Among the measures published this week are proposals to ensure that packaging that is leased out, such as pallets and crates, is fully obligated along with imported transit packaging.
In addition, the government wants to ensure that franchisors, pub companies and other businesses with similar franchising or licensing arrangements, are obligated for the packaging used by them and by their franchisees, tenants and others.
The impact of these proposals would be to spread the recycling burden more equitably amongst a wider group of businesses and, by obligating a greater proportion of the total packaging waste in the waste stream, allow targets to be kept lower than they might otherwise be, spreading costs more equitably.
In any case, this week's consultation paper also proposes to simplify the data provision requirement for smaller obligated businesses (i.e. those handling more than 50 tonnes of packaging and with turnover between £2 and £5 million), which would reduce their costs.
The producer responsibility obligations (packaging waste) regulations and the parallel statutory instruments in the devolved administrations place obligations on all businesses with an annual turnover in excess of £2m and who handle more than 50 tonnes of packaging, to recover and recycle specified tonnages of packaging waste each year, based on the packaging that goes through their business. A data form has to be completed each year and submitted to the relevant agency.
Some packaging has escaped obligation up until now, and the UK government is proposing to correct that and ensure that the maximum amount of packaging is within the regulations, and can contribute to keeping targets, and therefore costs, as low as possible, while allowing the UK to continue to meet the recycling and recovery targets in the EC directives on packaging and packaging waste.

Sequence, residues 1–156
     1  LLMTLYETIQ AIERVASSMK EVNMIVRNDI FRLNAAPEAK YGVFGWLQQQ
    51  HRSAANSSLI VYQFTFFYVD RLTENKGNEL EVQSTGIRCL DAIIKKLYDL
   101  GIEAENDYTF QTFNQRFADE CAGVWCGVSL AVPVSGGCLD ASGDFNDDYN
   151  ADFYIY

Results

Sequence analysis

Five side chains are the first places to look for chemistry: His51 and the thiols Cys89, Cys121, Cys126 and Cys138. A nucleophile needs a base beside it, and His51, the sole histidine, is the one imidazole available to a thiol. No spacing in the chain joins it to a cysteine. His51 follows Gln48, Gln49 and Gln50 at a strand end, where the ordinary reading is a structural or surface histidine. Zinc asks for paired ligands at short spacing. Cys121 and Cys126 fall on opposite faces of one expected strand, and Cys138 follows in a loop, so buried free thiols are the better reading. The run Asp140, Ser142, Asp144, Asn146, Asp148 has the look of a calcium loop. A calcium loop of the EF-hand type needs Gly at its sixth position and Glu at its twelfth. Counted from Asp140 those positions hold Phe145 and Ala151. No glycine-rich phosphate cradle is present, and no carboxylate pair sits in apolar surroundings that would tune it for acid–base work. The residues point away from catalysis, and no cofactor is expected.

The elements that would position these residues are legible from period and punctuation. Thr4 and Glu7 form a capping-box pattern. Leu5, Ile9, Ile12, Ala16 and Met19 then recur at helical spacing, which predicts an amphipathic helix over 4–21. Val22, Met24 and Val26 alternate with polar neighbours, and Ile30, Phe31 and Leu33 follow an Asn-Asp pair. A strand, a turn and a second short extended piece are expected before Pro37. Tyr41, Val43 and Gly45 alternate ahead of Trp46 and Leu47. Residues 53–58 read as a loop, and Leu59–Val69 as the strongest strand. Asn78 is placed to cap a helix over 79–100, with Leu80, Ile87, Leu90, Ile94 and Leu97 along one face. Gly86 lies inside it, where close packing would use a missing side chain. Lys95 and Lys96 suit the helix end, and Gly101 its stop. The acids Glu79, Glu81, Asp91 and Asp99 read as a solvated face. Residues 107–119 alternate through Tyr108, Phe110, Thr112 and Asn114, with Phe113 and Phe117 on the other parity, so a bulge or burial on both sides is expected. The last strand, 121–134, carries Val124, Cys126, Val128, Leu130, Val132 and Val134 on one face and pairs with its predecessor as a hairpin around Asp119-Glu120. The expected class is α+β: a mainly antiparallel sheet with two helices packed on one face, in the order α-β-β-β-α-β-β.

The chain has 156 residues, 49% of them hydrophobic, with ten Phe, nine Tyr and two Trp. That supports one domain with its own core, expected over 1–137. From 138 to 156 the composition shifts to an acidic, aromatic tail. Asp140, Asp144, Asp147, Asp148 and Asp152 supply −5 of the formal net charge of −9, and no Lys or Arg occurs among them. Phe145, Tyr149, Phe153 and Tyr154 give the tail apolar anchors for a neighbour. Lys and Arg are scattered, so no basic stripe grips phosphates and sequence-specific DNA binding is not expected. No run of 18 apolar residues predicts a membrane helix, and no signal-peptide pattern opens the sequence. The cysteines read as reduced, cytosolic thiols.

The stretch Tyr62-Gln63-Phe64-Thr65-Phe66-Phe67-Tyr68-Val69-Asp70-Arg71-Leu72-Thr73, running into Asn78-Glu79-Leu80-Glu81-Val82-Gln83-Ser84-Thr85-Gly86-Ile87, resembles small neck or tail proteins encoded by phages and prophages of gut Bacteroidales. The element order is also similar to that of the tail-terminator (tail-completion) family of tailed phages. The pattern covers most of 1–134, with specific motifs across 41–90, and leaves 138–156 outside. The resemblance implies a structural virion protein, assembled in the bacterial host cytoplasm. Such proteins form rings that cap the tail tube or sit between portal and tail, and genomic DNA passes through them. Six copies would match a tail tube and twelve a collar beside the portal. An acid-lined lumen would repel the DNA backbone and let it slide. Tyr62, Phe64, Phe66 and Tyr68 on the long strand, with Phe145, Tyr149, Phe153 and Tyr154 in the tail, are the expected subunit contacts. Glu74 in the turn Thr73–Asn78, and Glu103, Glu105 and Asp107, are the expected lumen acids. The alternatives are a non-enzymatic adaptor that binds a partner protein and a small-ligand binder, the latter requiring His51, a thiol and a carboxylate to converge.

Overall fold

The UK has made significant progress in waste recycling over recent years, though public awareness still lags behind other EU nations such as Germany. Many in the packaging industry would like to address this by increasing both recycling and engaging consumers more to bring more packaging out of the domestic waste stream.
Steel - and for that matter aluminium - manufacturers therefore want to see more curbside recycling collection points established, and believe that they have the backing of local authorities in this respect. The advantage of this is that consumers become an active part of the recycling operation, and because steel can be magnetically removed, it can be deposited alongside other metals.
The producer responsibility obligations (packaging waste) regulations 1997 set recovery and recycling targets on businesses that are producers in order to enable the UK to meet its recovery and recycling targets in the EC directive on packaging and packaging waste 94/62/EC.
New, higher recovery and recycling targets to be met by 2008 were set in the new directive on packaging and packaging waste directive 2004/12/EC and the packaging regulations were amended in 2003 (2003 SI No. 3294) to set the business targets necessary to enable the UK to meet these directive targets in 2008.
Producers and schemes calculate their tonnage recovery and recycling obligations on the basis of the packaging that their business handles in the previous year - this obligated packaging is reported each year to the relevant agency. Producers and schemes demonstrate compliance with their recovery and recycling obligations by purchasing packaging waste recovery notes (PRNs) and/or packaging waste export recovery notes (PERNs) from reprocessors and exporters respectively.
These PRNs and PERNs are issued in relation to tonnages of UK packaging waste delivered for reprocessing/exporting.